Note: The method I describe below does not find the optimal solution (i.e. the minimal number of multiplications), but it usually does better than the binary approach, and more importantly: it is very easy to extend it and optimize it for special cases. We could easily pre-compute those exponents for which it does worse than the simple binary method to say up to 1000 and special case those.

According to the Wikipedia article on the topic:

... the determination of a shortest addition chain seems quite difficult: no efficient optimal methods are currently known for arbitrary exponents, and the related problem of finding a shortest addition chain for a given set of exponents has been proven NP-complete.

Therefore trying to compute the optimial solution within the function (as opposed to precomputing it and making a lookup table) defeats the purpose of using this for optimization.


I did a version of this with C++ template metaprogramming here.

This is a direct translation:

Let f be an associative function, then:

Clear[pow]
(* Syntax: pow[exponent][base] *)
pow[n_][a_] /; Mod[n, 2] == 0 := With[{t = pow[n/2][a]}, f[t, t]]
pow[n_][a_] /; Mod[n, 3] == 0 := With[{t = pow[n/3][a]}, f[f[t, t], t]]
pow[n_][a_] := f[pow[n - 1][a], a]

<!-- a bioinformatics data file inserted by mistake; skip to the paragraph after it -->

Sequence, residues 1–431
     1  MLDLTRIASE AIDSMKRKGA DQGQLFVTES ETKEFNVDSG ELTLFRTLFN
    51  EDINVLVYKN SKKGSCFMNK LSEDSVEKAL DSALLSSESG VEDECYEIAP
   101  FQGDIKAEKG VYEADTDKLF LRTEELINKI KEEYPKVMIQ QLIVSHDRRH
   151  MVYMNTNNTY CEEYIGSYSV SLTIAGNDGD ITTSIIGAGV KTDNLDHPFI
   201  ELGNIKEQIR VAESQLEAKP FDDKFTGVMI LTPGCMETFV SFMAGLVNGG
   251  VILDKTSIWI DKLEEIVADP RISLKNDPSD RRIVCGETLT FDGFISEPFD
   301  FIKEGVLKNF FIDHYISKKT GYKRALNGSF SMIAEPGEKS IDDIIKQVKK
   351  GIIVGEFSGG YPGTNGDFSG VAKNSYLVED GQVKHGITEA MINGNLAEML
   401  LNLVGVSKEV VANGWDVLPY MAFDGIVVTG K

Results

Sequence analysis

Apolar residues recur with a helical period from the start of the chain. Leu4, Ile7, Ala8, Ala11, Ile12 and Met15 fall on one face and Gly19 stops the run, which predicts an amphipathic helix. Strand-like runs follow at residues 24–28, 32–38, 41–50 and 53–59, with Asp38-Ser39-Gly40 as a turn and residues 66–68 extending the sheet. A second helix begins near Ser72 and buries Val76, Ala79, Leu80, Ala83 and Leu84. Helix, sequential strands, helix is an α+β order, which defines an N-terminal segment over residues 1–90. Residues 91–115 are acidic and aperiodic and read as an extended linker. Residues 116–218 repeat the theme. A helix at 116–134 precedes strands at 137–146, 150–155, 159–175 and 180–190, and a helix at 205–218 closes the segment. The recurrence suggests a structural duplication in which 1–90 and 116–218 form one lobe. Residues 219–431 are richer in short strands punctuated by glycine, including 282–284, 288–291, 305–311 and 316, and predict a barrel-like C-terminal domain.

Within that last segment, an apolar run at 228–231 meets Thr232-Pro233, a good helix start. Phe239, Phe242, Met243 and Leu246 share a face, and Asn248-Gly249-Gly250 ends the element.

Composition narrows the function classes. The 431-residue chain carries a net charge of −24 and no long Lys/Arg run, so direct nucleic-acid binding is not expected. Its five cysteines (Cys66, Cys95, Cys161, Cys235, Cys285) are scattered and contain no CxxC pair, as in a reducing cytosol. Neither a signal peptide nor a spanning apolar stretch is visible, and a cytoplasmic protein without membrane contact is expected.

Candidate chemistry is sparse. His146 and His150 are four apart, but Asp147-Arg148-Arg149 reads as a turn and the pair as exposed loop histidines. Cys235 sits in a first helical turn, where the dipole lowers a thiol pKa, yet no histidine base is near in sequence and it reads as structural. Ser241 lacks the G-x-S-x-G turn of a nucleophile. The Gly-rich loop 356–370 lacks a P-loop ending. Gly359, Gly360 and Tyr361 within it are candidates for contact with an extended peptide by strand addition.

pow[1][a_] := a

Testing:

f[x_, y_] := (Print["x"]; x y)

Then pow[10][2] gives

During evaluation of In[389]:= x

During evaluation of In[389]:= x

During evaluation of In[389]:= x

During evaluation of In[389]:= x

Out[389]= 1024

i.e. it was done in four multiplications. You can think a bit about which is the best subdivision (to 3 or to 2) for different numbers. It can be manually verified that for exponents under 100, in the case of 33 and 69 (and exponents reducible to these such as $67 = 2\times 33 +1$) it's better not to subdivide into 3 first. We can easily special-case pow for these by adding the following to the beginning of pow's definition:

pow[33][a_] := f[pow[32][a], a]
pow[69][a_] := f[pow[68][a], a]

Similarly, in the case of e.g. 82 it's better not to subdivide into 2 because $82 - 1 = 3^4$, but use

pow[82][a_] := f[pow[81][a], a]

Another example is that in the case of 85 and 95 it's better to subdivide into 5 first:

pow[85][a_] := pow[13][ pow[5][a] ]

But most of these are just tweaks that will not make a huge difference.

I believe that the value of my implementation lies in the ease of its extension for special cases like these for small exponents.


For the adventurous with a lot of free time, see this paper on Pippenger's algorithm.

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What's the reason for the division by 2 and 3? They look like primes to me, would adding a line for 5 improve the code? –  David Feb 29 '12 at 4:41
    
@David This is not the optimal solution, but it's close enough to it to be practical. Are you looking for a method that will compute the optimal solution for any $n$, or are you looking for one that is practical to use (and fast)? Including division by 3 will usually improve the number of f-applications needed, but not always. You can verify manually that for 33, 69, 129, 141, 177, etc. it won't, and if needed you can add these as special cases. If you add division by 5, it will usually worsen the situation, but for e.g. 85 and 95 it will improve it. –  Szabolcs Feb 29 '12 at 9:37